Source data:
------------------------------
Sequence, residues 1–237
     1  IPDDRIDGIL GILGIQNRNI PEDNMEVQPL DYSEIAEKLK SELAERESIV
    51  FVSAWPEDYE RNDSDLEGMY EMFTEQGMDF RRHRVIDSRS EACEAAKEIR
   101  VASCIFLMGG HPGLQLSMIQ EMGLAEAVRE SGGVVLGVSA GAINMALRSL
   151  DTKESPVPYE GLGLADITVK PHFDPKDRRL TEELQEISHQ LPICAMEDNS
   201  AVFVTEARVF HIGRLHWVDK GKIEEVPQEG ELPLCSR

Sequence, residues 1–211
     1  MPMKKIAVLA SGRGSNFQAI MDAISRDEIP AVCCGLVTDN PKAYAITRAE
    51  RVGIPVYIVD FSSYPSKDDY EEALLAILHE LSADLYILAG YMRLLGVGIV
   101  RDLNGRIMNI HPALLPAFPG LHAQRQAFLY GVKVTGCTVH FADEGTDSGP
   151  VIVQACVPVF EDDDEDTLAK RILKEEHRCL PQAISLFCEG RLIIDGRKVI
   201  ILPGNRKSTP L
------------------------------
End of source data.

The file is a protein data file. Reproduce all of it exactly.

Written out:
Sequence, residues 1–237
     1  IPDDRIDGIL GILGIQNRNI PEDNMEVQPL DYSEIAEKLK SELAERESIV
    51  FVSAWPEDYE RNDSDLEGMY EMFTEQGMDF RRHRVIDSRS EACEAAKEIR
   101  VASCIFLMGG HPGLQLSMIQ EMGLAEAVRE SGGVVLGVSA GAINMALRSL
   151  DTKESPVPYE GLGLADITVK PHFDPKDRRL TEELQEISHQ LPICAMEDNS
   201  AVFVTEARVF HIGRLHWVDK GKIEEVPQEG ELPLCSR

Sequence, residues 1–211
     1  MPMKKIAVLA SGRGSNFQAI MDAISRDEIP AVCCGLVTDN PKAYAITRAE
    51  RVGIPVYIVD FSSYPSKDDY EEALLAILHE LSADLYILAG YMRLLGVGIV
   101  RDLNGRIMNI HPALLPAFPG LHAQRQAFLY GVKVTGCTVH FADEGTDSGP
   151  VIVQACVPVF EDDDEDTLAK RILKEEHRCL PQAISLFCEG RLIIDGRKVI
   201  ILPGNRKSTP L